|Written by Robert Knoth and Antoinette de Jong|
|24 Nov 2012|
A blizzard of bank notes is flying out of Afghanistan — often in full
view of customs officers at the Kabul airport. The cash, estimated
to total well over $1 billion a year, flows mostly to the Persian Gulf
emirate of Dubai, where many wealthy Afghans now park their
families and funds, according to US and Afghan officials.
— Washington Post, February 25, 2010
It's not often in the market of photo books, saturated as it is with new editions by the pallet-load, that a title comes along that outshines all the others. Poppy is one such a book.
Poppy charts a 20 year journey along the highways and byways of the Afghan heroin trade. It is a story of unimaginable ambition and importance, affecting all our lives. The sheer scale of the subject matter makes it an impossible task to document comprehensively and for that reason Robert Knoth and Antoinette de Jong did not set out to do so. Instead, over the course of working as a photographer and radio reporter, on assignments for magazine and radio clients, they made repeated journeys to Afghanistan, the Middle East, the new republics of the former Soviet Union, and of course to regions within Europe and Holland where they live. They collected facts, met the people, witnessed the effects and explored the arteries of the drug trade.
From farmers to traffickers, to underworld crime gangs and corrupt politicians, Robert Knoth and Antoinette de Jong followed heroin's trail all the way to the back rooms of money laundering establishments in Karachi and Dubai and the beachside resorts of the nouveau riche on the Black Sea.
Knoth and de Jong told me in May, when they visited Foto8 to talk about the project, that the sheer quantity of work they had accumulated on and around the subject was so vast that they quickly understood that it would not suffice to just distill twenty years into an small edit of what were supposed to represent the best looking photographs. Alongside the innovative and talented editors and designers at Paradox, they agreed that the most effective way to convey the truth of what they had found was to also include pictures that were raw, re-printed or crudely copied. These images hold the story and convey its meaning most urgently. The result is an arresting array of quotations, photographs, maps and facts that go straight to the heart of the story with clarity and honesty.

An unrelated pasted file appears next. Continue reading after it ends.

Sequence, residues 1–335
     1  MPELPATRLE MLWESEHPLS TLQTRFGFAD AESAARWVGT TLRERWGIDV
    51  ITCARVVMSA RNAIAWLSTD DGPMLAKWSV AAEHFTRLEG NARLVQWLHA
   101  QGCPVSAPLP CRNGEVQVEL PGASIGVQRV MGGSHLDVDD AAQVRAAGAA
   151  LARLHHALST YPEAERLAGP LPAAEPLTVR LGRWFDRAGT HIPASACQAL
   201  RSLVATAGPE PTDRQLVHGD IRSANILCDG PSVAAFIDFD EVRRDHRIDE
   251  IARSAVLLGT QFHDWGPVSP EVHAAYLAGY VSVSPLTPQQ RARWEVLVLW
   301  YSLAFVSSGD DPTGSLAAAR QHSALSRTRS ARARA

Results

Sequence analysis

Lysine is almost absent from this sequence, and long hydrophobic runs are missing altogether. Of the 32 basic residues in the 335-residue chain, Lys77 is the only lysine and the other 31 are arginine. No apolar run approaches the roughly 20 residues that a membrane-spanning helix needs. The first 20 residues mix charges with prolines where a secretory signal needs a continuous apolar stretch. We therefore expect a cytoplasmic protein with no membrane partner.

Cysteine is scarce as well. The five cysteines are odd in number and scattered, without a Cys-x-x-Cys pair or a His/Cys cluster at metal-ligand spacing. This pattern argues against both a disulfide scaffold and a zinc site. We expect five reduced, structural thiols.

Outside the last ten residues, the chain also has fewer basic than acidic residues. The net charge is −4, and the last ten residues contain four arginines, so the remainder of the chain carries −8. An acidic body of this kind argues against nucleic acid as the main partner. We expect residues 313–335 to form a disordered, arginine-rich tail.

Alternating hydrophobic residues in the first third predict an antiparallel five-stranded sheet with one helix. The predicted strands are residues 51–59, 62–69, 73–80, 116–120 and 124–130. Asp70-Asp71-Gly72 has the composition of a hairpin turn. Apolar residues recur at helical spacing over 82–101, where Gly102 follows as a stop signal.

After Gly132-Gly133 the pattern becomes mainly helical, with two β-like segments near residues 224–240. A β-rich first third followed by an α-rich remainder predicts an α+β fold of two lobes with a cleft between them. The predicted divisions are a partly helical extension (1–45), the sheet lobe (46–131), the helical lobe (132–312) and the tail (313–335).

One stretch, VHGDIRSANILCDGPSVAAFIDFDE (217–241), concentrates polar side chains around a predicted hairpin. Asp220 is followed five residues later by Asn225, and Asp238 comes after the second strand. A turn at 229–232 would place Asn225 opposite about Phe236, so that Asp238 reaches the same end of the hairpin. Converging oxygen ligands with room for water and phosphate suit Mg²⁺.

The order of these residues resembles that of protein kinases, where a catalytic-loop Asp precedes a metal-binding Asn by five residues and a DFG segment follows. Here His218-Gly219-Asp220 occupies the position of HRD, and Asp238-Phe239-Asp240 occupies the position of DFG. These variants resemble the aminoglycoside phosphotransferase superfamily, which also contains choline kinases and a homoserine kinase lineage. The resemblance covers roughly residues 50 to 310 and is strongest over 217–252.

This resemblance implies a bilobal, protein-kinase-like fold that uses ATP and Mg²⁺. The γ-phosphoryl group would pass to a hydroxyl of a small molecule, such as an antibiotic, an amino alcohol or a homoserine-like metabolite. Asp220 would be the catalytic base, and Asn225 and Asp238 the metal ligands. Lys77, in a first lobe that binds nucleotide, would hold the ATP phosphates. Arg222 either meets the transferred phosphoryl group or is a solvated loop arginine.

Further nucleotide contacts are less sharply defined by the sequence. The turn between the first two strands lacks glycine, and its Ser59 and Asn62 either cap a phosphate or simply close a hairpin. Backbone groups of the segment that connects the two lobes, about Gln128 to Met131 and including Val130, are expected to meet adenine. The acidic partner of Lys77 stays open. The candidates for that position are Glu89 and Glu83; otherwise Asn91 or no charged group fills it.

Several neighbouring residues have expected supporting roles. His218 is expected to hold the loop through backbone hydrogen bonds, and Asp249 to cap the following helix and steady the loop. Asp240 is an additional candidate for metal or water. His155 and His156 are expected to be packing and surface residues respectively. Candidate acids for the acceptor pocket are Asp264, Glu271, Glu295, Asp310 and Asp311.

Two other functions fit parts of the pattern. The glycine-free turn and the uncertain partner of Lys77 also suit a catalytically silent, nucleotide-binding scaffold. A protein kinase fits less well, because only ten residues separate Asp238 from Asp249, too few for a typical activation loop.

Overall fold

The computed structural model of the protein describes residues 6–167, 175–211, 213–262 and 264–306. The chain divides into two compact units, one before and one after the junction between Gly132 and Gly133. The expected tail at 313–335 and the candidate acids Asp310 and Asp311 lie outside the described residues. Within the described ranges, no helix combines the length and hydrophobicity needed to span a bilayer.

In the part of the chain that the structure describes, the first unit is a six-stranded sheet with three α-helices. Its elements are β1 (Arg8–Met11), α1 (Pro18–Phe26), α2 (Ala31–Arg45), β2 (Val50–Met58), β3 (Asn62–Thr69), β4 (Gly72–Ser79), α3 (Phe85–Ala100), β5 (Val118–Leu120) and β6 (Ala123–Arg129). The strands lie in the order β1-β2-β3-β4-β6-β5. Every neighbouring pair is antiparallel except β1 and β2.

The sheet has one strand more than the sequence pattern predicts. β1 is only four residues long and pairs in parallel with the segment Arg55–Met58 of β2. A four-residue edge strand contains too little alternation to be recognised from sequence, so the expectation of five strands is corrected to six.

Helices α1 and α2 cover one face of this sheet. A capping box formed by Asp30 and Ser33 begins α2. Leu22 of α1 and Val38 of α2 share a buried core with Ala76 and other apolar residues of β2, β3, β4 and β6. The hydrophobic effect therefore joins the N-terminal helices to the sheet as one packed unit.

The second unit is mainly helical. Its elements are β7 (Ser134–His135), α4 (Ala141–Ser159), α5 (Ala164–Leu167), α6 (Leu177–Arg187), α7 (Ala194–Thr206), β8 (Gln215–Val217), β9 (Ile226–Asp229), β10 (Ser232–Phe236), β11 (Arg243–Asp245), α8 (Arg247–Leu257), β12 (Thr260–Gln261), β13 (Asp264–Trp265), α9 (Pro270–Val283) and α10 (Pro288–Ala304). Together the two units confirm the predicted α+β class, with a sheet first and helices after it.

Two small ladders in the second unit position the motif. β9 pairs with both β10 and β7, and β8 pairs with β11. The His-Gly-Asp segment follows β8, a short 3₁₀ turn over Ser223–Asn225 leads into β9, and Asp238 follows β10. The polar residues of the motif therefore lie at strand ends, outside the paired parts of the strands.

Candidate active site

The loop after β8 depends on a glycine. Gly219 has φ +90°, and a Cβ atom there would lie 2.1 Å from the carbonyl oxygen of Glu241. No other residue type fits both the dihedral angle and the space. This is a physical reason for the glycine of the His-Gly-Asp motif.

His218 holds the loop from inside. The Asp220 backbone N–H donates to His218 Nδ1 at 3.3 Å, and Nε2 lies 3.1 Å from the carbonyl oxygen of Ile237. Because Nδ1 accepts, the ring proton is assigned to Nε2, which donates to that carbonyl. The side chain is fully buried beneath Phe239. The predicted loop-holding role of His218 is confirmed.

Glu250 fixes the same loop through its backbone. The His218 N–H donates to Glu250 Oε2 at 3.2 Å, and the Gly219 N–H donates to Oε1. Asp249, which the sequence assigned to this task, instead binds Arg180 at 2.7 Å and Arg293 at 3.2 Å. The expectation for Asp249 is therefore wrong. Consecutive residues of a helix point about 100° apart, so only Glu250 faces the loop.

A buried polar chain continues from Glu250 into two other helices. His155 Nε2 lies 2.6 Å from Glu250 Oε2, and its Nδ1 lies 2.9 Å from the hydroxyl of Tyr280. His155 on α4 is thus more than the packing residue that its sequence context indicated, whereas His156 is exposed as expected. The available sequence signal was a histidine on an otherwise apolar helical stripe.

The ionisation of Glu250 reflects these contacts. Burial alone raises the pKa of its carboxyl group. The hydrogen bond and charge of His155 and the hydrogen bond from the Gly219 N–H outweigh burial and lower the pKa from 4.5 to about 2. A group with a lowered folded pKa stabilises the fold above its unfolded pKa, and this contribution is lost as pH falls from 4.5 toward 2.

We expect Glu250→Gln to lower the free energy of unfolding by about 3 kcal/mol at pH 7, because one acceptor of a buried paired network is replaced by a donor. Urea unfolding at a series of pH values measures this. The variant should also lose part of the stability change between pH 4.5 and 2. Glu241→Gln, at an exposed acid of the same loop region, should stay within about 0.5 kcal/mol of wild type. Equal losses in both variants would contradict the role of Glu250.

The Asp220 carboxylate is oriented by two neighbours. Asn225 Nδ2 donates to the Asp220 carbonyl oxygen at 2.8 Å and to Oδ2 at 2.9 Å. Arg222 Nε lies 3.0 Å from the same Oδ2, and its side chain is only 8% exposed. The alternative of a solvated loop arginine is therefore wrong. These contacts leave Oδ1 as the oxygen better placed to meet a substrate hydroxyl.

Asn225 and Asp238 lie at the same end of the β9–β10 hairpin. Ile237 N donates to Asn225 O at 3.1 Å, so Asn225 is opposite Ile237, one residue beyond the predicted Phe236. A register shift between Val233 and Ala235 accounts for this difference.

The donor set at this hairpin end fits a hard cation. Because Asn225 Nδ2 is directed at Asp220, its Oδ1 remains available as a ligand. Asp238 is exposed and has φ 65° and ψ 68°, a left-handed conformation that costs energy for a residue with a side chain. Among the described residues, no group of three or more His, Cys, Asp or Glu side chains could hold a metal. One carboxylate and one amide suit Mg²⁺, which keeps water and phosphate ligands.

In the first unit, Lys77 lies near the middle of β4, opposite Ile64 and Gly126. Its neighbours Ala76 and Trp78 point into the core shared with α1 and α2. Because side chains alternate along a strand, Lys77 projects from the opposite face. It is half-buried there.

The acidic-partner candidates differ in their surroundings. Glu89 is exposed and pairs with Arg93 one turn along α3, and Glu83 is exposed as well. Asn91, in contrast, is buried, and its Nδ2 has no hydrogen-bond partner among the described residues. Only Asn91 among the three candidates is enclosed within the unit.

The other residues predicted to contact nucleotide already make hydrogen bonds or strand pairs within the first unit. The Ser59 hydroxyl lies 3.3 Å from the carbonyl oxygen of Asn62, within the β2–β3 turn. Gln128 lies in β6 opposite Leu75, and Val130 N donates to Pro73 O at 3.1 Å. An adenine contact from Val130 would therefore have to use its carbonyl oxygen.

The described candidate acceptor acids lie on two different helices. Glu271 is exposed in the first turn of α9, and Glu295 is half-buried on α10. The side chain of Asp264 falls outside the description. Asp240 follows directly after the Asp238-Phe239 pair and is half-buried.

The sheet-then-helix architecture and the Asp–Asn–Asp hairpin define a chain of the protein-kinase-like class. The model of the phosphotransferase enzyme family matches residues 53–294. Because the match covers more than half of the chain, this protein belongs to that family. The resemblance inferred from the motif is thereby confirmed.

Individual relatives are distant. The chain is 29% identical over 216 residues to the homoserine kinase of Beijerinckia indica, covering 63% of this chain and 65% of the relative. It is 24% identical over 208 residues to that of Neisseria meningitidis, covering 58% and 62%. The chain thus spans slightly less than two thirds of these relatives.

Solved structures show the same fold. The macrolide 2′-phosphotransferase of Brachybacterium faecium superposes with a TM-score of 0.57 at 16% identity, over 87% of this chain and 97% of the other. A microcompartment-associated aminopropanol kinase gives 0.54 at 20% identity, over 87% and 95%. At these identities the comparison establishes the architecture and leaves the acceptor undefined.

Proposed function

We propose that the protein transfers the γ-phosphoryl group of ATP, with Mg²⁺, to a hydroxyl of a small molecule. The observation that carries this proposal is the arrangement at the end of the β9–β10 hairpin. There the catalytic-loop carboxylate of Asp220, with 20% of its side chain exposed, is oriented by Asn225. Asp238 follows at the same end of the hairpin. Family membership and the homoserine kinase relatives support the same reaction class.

Poppy is a brick of a tome. Heavy enough, one might suspect, to be used as a weapon to bludgeon its reader with the truth about heroin. Its full bleed pictures, interspersed with essays and a continual commentary of captions, maintain a fast pace and urgency. Similarly the museum installation of Poppy, exhibited earlier this year in Holland, is a multi layered cacophony of sounds, moving and still images, maps and texts; There are no framed prints or gallery illuminated works of art here, but rather an exhibition that has been designed as a venue. A five-track, 12 metre long film montage reflects the book in an altogether different, cinematic way, setting Poppy upon a pedestal of immense photographic, journalistic and design achievement.
I stated when I first saw Poppy that it re-affirmed my belief in the power of publishing photojournalism. With its originality and integrity Poppy is, without doubt, my book of the year.
Poppy, a short trailer to book and exhibition:
Poppy - Trails of Afghan Heroin by Robert Knoth & Antoinette de Jong
Pages: 492 (384 pages colour and b&w images)
Text: 108 pages English
Size: 170x240 mm, hard cover
Co-published by: YdocPublishing / Hatje Cantz Verlag
http://www.ydocfoundation.org/ and http://www.hatjecantz.de/
Standard price: € 39.50 (incl. VAT)
Poppy is a Paradox Project: http://www.paradox.nl
nederlands fotomuseum exhibition 31 Mar-10 Jun 2012